It’s Pride month, a time when thousands of people from around the world paint the town in rainbow colours.
The month is meant to celebrate the LGBTQ2 community, which includes individuals who identify as lesbian, gay, bisexual, transgender, queer and two-spirit as well as a range of other gender and sexual identities.
Pride month is held annually in honour of the Stonewall riots, which took place in New York City in June 1969.
At the time, an LGBTQ2-friendly establishment known as the Stonewall Inn was the site of several police raids targeting LGBTQ2 individuals. This led to a series of riots that were held outside the Stonewall Inn and intensified the fight for equal rights for the LGBTQ2 community.
The Stonewall riots are considered a turning point in LGBTQ2 history and are credited with opening the door to equal rights and opportunity for LGBTQ2 individuals.
“I think that we take for granted that everybody gets acceptance everywhere all the time and, quite frankly, that is not the case,” , executive director of Pride Toronto, told Global News.
In an effort to continue the fight for equal rights, LGBTQ2 communities in many parts of the world have held Pride parades every June since the 1969 Stonewall riots.
“The beauty of Stonewall is that it started an international fight for the rights of LGBTQ2+ people,” said Nuamah. “And internationally, we’ve seen a huge lot of change. We’ve seen a number of places where we thought same-sex marriage was never going to be legalized that have now become legalized. We’ve seen places that have slowly started to have those conversations, that have slowly started to educate about what acceptance looks like.”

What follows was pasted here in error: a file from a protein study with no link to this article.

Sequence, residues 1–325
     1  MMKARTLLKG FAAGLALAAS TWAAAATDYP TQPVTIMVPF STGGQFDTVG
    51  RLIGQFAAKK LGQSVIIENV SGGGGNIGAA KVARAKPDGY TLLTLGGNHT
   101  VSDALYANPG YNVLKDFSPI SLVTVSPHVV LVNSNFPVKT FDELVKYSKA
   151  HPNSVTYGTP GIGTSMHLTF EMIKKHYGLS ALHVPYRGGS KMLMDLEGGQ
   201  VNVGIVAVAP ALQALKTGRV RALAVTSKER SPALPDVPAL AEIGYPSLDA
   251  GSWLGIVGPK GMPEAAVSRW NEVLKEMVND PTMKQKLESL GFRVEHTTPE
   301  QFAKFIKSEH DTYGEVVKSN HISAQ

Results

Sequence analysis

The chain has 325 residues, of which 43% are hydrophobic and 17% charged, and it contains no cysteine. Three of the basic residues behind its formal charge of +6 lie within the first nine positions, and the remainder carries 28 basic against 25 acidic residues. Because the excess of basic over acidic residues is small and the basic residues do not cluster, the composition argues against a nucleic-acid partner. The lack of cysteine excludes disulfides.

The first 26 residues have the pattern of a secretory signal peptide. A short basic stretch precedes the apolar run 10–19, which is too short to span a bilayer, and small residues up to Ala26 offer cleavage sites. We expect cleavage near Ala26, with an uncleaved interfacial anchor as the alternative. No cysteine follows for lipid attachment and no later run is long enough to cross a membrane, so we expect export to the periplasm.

According to the Pew Research Center, there are 28 countries that have legalized same-sex marriage.
Belgium and Spain were two of the first countries to pass same-sex marriage laws, and Austria and Taiwan are the most recent countries to legalize same-sex marriage.
The LGBTQ2 community is most commonly associated with a rainbow flag.
The flag was first designed in 1978 to feature eight horizontal stripes. It was designed by Gilbert Baker, a drag queen who identified as gay.
According to Encyclopedia Britannica, Baker strategically picked the colours. They include hot pink to symbolize sex, red for life, orange for healing, yellow for sunlight, green for nature, turquoise for art, indigo for harmony and violet for spirit.
The eight-stripe flag eventually had to be altered to a six-stripe flag because of production issues. The pink and turquoise stripes were removed, and indigo was replaced by a blue-coloured stripe. Today’s LGBTQ2 flag features red, orange, yellow, green, blue and violet stripes.
LGBTQ2 communities have fought for their rights for around 50 years and hope to continue fighting, Nuamah said.
She hopes for “the ability to see this community as one of just a range of communities around the world.”
Nuamah added: “I want to see heterosexuality included in LGBTQ2+, not as a normative thing but just as one of a range of sexual identities that you can experience and live through. And we want all of those identities to be accepted equally.”
Thousands of individuals around the world will be using Pride month to celebrate the victories the LGBTQ2 community has won and rally for the battles still being fought.